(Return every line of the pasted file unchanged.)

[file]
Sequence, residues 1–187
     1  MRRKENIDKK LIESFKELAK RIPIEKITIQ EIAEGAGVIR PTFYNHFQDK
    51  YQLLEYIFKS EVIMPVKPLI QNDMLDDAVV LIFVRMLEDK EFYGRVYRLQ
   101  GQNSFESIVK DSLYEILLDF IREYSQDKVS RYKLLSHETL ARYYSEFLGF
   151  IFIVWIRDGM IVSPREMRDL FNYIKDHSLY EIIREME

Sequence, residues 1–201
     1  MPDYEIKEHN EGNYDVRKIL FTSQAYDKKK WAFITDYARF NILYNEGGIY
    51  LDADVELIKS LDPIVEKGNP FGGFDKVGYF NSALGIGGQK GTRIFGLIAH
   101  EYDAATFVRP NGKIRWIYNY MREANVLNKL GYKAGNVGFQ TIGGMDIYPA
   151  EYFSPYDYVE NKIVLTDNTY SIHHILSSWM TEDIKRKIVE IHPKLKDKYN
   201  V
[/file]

Sequence, residues 1–187
     1  MRRKENIDKK LIESFKELAK RIPIEKITIQ EIAEGAGVIR PTFYNHFQDK
    51  YQLLEYIFKS EVIMPVKPLI QNDMLDDAVV LIFVRMLEDK EFYGRVYRLQ
   101  GQNSFESIVK DSLYEILLDF IREYSQDKVS RYKLLSHETL ARYYSEFLGF
   151  IFIVWIRDGM IVSPREMRDL FNYIKDHSLY EIIREME

Sequence, residues 1–201
     1  MPDYEIKEHN EGNYDVRKIL FTSQAYDKKK WAFITDYARF NILYNEGGIY
    51  LDADVELIKS LDPIVEKGNP FGGFDKVGYF NSALGIGGQK GTRIFGLIAH
   101  EYDAATFVRP NGKIRWIYNY MREANVLNKL GYKAGNVGFQ TIGGMDIYPA
   151  EYFSPYDYVE NKIVLTDNTY SIHHILSSWM TEDIKRKIVE IHPKLKDKYN
   201  V